A classic, a timeless icon, it shaped Italy’s post-World War II pop culture, representing one of the flagships of Made in Italy. It is the “Vespa”, the two-wheeled world’s most popular. Its innate elegance , its timeless charm have made it a model of style and design becoming throughout the twentieth century a status symbol in the world of film, television and Italian and International costume.
Historical and Social Context
With its musically-flowing yet minimalist lines and its practical functionality, the Vespa is the fruit of a technological revolution that upturned the concept of mobility in the mid-20th Century. From the meeting of two great minds – smart entrepreneur Enrico Piaggio and innovative designer Corradino D’Ascanio – everybody’s favorite scooter came into being. The pair simply wanted to re-start Italy’s economic engine, but the result turned out to be much more: today, it is the most famous and widespread scooter on the planet, as well as the epitome of Italy’s post-War trajectory.
The “Vespa” is born
In the spring of 1946, a small and quirky two-wheeled vehicle from the simple and elegant design was introduced to the public. A model with smooth flowing lines with a new style for a two-wheeled vehicle, it was targeted at young professionals and women, who could now ride while wearing a skirt, and without having to worry about the messiness of dirt, mud and oil.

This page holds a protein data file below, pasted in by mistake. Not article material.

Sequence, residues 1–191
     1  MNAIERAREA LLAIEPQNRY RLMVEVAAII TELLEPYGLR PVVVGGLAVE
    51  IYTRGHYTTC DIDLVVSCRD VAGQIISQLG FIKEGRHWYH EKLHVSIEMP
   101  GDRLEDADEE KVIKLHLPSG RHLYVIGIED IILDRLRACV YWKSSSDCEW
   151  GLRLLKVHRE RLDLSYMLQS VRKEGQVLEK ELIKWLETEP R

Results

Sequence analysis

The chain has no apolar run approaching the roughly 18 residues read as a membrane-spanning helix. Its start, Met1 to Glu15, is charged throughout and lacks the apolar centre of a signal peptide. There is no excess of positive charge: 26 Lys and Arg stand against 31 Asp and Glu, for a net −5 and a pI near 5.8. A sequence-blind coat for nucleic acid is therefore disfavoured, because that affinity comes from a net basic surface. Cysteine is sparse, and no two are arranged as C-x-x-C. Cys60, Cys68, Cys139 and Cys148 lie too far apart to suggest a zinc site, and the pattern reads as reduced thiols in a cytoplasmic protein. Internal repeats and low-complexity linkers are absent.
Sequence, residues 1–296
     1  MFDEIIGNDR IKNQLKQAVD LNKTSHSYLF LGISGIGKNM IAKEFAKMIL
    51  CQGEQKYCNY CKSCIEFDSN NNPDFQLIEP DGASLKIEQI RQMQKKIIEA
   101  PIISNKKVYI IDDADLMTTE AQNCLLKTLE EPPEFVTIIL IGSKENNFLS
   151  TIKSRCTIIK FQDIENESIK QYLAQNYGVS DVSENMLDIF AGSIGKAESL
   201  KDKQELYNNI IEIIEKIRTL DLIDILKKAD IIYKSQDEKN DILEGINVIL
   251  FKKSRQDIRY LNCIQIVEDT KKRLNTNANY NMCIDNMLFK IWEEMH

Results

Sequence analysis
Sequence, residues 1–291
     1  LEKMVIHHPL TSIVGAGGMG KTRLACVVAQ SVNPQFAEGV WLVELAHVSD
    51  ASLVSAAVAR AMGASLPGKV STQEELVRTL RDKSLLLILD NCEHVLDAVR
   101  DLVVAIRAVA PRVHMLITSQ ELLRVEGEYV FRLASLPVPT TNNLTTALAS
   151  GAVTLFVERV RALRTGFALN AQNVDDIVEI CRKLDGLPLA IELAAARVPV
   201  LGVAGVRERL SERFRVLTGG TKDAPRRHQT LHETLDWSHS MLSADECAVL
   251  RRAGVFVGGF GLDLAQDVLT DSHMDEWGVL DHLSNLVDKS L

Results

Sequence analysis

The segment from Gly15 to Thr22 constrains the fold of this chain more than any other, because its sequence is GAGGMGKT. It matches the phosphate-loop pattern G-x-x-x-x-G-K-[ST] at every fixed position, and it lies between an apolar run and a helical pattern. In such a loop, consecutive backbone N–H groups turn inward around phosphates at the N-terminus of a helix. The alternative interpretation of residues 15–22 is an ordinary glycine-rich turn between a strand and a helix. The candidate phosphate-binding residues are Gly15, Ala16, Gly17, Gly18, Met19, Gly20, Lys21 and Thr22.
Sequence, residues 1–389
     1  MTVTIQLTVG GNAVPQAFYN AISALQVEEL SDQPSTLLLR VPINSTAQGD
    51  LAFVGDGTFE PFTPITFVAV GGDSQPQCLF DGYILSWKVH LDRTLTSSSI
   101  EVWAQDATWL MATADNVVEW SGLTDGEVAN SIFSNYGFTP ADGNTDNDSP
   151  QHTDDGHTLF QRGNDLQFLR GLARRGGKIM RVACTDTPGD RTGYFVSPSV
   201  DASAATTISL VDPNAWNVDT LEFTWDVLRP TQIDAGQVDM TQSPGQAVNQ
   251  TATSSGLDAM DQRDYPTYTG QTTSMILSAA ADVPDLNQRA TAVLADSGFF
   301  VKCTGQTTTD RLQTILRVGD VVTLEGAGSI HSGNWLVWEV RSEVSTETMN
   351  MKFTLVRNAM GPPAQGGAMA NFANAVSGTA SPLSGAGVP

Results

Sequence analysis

Originally, this little moto was to be called “Paperino” (meaning little duck), but upon seeing it, Enrico Piaggio declared that it resembled a “Vespa,” that is, a wasp. Starring in one of the world’s favorite films, the Vespa soon became the symbol of Italy ‘s post-war and appeared in many movies and postcards of Italy. Burned on our memories are Audrey Hepburn and Gregory Peck zipping around the sunny Eternal City on their gorgeous white Vespa, selling not only a product, but a mood. It is the famous William Wyler’s Roman Holiday.
The dream of Italy, that good life that most of us crave, is encapsulated in the Vespa, in all its versions and colors. It is by now routine that tourists rent their own so that they can glide along the streets of the Ethernal City, or even though the hills of Tuscany or Sicilian Coasts. And don’t we all want, even if for just a day, our own personal Roman holiday?
Many Vespa owners not only get around on their scooters on an exclusively quotidian, utilitarian basis: the Vespa is also made for fun, and particularly in warmer months, owners participate in rallies or take on a small trip in their native Italy, enjoying the wind in their hair and the sights and scenery along the way.
If you are in the heart of north-western Tuscany , close to Pisa, and not far from Florence , the Museo Piaggio in Pontedera is an experience not to be missed: here you can retrace the history of the globe’s most beloved set of two wheels.